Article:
Friday, February 06, 2009

What Makes the Biblical Temple Unique?

From Peter Gentry's excellent article, ""Kingdom Through Covenant: Humanity as the Divine Image" SBJT (Spring 2008): 26 [not yet online]:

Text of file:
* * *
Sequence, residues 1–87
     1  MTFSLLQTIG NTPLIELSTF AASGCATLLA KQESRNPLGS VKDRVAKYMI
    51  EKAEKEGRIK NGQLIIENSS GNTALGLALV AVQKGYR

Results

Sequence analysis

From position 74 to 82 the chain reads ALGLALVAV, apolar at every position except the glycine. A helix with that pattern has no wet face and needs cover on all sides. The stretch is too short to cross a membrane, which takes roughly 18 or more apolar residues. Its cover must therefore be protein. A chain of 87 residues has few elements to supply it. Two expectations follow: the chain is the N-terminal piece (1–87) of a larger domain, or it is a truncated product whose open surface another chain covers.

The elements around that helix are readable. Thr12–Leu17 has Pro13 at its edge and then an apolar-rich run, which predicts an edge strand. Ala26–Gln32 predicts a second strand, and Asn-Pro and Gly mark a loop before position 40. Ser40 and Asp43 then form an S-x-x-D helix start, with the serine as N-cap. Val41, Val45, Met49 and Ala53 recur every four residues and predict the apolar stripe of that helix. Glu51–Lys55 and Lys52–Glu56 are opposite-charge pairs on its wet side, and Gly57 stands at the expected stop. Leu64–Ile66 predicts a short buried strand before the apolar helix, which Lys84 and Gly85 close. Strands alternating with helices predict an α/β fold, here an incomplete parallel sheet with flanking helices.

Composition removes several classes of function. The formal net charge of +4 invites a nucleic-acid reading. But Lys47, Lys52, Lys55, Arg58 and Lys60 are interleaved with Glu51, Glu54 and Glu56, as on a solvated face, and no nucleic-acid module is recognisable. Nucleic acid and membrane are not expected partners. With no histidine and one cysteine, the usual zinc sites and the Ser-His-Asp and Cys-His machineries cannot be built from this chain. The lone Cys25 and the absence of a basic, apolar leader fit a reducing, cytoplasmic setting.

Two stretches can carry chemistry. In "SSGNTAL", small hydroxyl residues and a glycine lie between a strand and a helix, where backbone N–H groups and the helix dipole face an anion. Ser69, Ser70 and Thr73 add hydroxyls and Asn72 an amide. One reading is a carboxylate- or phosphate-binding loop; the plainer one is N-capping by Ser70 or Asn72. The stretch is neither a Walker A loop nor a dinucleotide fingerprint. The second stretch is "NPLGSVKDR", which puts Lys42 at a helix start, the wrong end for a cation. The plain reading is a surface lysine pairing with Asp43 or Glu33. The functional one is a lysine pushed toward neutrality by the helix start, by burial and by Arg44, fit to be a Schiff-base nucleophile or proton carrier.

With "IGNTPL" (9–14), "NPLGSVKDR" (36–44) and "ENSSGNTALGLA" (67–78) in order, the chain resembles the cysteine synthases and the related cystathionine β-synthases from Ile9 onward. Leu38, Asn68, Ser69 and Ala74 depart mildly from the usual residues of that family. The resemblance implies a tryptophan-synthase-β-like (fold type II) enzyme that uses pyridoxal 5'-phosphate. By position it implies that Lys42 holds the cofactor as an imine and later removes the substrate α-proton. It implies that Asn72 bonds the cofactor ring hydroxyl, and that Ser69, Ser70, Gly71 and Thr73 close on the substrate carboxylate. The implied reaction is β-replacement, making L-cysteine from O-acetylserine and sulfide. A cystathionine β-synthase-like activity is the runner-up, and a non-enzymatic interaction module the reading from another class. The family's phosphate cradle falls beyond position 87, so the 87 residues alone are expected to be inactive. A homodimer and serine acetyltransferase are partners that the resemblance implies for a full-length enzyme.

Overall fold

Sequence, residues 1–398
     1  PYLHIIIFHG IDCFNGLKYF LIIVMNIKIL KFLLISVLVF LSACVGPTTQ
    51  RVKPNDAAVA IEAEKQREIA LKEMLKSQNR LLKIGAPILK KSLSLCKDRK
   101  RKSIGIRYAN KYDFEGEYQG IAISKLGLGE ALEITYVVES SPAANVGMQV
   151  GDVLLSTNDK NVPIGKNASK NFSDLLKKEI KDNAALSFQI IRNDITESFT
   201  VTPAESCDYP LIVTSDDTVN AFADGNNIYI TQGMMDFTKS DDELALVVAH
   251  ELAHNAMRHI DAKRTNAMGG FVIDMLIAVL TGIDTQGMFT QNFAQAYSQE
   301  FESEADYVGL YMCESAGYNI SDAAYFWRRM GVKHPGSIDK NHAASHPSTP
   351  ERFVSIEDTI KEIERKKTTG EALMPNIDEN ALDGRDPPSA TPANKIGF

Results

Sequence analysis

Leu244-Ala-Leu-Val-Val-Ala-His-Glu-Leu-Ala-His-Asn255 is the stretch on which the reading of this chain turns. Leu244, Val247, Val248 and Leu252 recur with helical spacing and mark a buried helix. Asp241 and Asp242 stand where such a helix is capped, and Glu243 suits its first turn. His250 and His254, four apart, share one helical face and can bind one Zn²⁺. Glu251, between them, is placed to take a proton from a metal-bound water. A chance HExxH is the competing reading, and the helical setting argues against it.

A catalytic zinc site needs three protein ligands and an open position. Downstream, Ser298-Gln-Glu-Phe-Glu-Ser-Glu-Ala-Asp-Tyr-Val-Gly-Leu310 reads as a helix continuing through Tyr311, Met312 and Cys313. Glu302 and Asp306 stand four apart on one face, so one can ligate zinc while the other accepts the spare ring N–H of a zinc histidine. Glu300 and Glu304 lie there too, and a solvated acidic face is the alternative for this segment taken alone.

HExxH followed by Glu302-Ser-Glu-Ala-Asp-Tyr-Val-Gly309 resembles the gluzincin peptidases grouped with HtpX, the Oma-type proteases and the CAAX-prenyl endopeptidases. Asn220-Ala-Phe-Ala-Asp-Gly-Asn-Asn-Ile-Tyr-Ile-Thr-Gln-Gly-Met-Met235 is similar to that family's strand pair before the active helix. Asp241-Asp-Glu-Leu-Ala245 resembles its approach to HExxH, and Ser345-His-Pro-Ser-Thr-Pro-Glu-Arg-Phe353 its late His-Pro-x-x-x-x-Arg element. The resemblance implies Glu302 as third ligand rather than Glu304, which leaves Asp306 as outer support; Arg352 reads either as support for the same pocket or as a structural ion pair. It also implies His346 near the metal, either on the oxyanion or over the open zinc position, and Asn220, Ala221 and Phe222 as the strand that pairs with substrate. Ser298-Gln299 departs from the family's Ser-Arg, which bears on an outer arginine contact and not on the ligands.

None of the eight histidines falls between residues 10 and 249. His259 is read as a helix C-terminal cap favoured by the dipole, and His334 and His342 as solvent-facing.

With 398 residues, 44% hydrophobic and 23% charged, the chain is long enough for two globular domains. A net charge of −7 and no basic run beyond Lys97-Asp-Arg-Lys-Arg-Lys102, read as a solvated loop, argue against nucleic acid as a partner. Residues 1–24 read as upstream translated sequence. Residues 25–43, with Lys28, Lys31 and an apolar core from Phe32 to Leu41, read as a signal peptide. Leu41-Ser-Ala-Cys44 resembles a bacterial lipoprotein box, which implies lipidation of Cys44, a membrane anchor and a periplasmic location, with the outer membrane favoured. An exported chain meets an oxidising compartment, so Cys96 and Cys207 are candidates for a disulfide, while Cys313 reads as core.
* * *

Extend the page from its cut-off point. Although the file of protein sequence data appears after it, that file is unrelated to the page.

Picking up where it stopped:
If we consider the plan of the Tabernacle or the plan of Solomon’s Temple, there is nothing unusual or unique. Its overall plan was just like any other temple in the ancient Near East. They all had an outer courtyard, an altar of sacrifice, and a central building divided into a “Holy Place” and a “Holy of Holies.” What made the faith of Israel different from the faith of the pagan religions surrounding her? If one were to enter a pagan temple, passing through the courtyard, and the Holy Place into the Holy of Holies, what would one find there? An image representing one of the forces of nature. But that is not what one finds at the center of Israel’s worship. What was in the Holy of Holies in the Tabernacle? First of all, there was no image or statue there because God is spirit and cannot be properly represented by man-made images. All there is in the Holy of Holies is just a little box. And what is in that box? The Ten Commandments. Thus, what God is saying to the Israelites is that he cannot be manipulated by magic. If they want the good life, they must conform their lifestyle to his revealed standards of right and wrong. Ethics guarantees the good life, not manipulation of the powers that be by magic. The meaning is clear when one both compares and contrasts the biblical text with the ancient Near Eastern cultural setting. At the outset, the differences appear to be small and insignificant. Yet in the end, the differences are so radical that only divine revelation can explain the origin of the text.